Re: [PATCH] x86: Run checksumming in parallel accross multiple alu's
From: Neil Horman
Date: Wed Oct 30 2013 - 07:02:38 EST
On Wed, Oct 30, 2013 at 01:25:39AM -0400, Doug Ledford wrote:
> * Neil Horman <nhorman@xxxxxxxxxxxxx> wrote:
> > 3) The run times are proportionally larger, but still indicate that Parallel ALU
> > execution is hurting rather than helping, which is counter-intuitive. I'm
> > looking into it, but thought you might want to see these results in case
> > something jumped out at you
> So here's my theory about all of this.
> I think that the original observation some years back was a fluke caused by
> either a buggy CPU or a CPU design that is no longer used.
> The parallel ALU design of this patch seems OK at first glance, but it means
> that two parallel operations are both trying to set/clear both the overflow
> and carry flags of the EFLAGS register of the *CPU* (not the ALU). So, either
> some CPU in the past had a set of overflow/carry flags per ALU and did some
> sort of magic to make sure that the last state of those flags across multiple
> ALUs that might have been used in parallelizing work were always in the CPU's
> logical EFLAGS register, or the CPU has a buggy microcode that allowed two
> ALUs to operate on data at the same time in situations where they would
> potentially stomp on the carry/overflow flags of the other ALUs operations.
> It's my theory that all modern CPUs have this behavior fixed, probably via a
> microcode update, and so trying to do parallel ALU operations like this simply
> has no effect because the CPU (rightly so) serializes the operations to keep
> them from clobbering the overflow/carry flags of the other ALUs operations.
> My additional theory then is that the reason you see a slowdown from this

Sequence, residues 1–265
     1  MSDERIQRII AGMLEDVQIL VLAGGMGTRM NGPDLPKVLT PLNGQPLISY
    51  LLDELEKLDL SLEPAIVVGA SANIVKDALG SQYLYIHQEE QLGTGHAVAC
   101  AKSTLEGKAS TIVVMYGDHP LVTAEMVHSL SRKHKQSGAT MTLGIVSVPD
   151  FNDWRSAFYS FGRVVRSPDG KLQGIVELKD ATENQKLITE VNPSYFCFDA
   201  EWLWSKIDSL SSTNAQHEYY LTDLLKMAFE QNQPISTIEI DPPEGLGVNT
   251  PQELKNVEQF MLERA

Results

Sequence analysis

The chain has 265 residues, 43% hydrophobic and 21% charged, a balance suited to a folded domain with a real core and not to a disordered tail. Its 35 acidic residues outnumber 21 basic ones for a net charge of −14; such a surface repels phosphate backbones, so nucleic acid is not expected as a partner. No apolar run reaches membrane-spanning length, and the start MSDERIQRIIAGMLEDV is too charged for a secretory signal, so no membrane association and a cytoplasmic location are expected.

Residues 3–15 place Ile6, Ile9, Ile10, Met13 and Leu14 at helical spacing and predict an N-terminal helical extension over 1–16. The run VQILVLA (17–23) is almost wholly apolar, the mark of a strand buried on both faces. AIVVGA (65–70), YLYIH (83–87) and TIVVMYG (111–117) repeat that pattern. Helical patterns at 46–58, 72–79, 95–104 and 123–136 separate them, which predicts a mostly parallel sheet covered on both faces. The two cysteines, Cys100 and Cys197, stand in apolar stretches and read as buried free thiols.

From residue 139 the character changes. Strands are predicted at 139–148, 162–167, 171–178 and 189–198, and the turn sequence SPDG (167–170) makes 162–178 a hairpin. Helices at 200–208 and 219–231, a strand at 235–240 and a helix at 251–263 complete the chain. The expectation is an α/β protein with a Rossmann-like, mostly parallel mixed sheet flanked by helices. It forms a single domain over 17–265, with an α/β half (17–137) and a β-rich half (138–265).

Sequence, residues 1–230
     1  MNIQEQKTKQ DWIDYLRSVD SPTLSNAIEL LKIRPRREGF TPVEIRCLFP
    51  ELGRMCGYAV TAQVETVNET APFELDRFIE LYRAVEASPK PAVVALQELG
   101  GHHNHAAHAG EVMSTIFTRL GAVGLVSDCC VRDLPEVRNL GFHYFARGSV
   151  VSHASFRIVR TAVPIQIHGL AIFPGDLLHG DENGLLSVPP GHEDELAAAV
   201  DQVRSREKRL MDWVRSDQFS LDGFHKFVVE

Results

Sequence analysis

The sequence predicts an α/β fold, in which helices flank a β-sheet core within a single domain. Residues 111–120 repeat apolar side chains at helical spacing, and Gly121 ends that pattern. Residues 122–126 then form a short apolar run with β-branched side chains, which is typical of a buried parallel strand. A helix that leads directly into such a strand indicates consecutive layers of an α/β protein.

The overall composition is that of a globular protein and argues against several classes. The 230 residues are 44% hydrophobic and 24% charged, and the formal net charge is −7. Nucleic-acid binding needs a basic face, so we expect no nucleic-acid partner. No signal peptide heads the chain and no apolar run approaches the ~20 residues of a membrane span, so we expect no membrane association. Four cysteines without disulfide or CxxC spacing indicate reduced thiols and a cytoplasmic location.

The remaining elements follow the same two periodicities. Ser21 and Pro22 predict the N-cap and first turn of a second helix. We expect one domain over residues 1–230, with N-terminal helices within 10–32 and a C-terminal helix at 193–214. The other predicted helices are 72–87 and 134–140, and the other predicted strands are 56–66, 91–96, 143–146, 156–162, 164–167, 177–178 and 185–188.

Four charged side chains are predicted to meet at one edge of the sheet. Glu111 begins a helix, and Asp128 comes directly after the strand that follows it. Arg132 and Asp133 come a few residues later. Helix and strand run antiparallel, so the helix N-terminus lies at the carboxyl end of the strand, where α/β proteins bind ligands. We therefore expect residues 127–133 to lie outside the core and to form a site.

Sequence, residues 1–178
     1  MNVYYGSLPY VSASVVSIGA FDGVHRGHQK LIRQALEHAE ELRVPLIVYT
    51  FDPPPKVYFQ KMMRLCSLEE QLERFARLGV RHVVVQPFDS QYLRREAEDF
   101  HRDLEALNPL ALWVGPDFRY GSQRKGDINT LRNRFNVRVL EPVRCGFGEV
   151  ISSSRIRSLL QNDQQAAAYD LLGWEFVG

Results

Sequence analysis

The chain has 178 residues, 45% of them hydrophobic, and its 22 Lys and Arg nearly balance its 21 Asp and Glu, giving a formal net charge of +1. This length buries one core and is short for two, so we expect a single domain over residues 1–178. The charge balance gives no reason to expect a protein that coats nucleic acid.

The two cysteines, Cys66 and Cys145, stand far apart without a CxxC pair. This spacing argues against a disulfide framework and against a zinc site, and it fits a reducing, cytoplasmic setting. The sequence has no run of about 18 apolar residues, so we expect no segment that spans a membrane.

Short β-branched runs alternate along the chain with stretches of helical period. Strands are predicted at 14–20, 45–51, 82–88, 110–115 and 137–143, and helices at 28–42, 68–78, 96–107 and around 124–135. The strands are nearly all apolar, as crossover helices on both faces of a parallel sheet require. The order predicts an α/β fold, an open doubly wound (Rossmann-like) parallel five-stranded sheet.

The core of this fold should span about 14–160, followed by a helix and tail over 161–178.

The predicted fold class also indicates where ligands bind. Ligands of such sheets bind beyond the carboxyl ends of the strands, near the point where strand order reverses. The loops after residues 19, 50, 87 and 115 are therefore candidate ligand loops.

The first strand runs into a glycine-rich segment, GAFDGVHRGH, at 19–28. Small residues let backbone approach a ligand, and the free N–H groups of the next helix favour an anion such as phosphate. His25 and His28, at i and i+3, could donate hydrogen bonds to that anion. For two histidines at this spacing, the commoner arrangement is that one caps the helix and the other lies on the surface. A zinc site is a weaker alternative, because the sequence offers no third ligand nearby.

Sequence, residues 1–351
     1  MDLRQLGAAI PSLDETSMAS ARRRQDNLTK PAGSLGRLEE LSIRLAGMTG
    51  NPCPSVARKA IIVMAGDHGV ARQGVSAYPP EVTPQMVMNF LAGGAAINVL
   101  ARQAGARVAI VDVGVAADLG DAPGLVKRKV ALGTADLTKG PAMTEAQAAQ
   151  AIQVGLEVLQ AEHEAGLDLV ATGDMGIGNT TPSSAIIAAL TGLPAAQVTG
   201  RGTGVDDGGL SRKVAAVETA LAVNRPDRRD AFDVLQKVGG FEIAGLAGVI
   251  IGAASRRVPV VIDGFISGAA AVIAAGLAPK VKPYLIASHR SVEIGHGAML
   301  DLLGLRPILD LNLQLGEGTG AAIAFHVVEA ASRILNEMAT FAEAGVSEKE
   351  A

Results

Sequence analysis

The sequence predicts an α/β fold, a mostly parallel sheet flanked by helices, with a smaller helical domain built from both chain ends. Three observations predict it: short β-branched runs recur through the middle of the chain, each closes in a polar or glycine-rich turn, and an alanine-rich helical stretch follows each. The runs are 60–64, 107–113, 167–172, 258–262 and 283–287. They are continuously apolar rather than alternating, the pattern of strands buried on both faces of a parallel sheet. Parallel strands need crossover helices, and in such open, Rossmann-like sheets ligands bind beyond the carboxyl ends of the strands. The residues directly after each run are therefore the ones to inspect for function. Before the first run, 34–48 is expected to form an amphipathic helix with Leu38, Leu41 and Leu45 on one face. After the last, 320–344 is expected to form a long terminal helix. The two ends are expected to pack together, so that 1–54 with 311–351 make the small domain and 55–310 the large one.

> patch is because the attempt to parallelize the ALU operation has caused
> us to write a series of instructions that, once serialized, are non-optimal
> and hinder smooth pipelining of the data (aka going 0*8, 2*8, 4*8, 6*8, 1*8,
> 3*8, 5*8, and 7*8 in terms of memory accesses is worse than doing them in
> order, and since we aren't getting the parallel operation we want, this
> is the net result of the patch).
> It would explain things anyway.
That does makes sense, but it then begs the question, whats the advantage of
having multiple alu's at all? If they're just going to serialize on the
updating of the condition register, there doesn't seem to be much advantage in
having multiple alu's at all, especially if a common use case (parallelizing an
operation on a large linear dataset) resulted in lower performance.
/me wonders if rearranging the instructions into this order:
adcq 0*8(src), res1
adcq 1*8(src), res2
adcq 2*8(src), res1
would prevent pipeline stalls. That would be interesting data, and (I think)
support your theory, Doug. I'll give that a try
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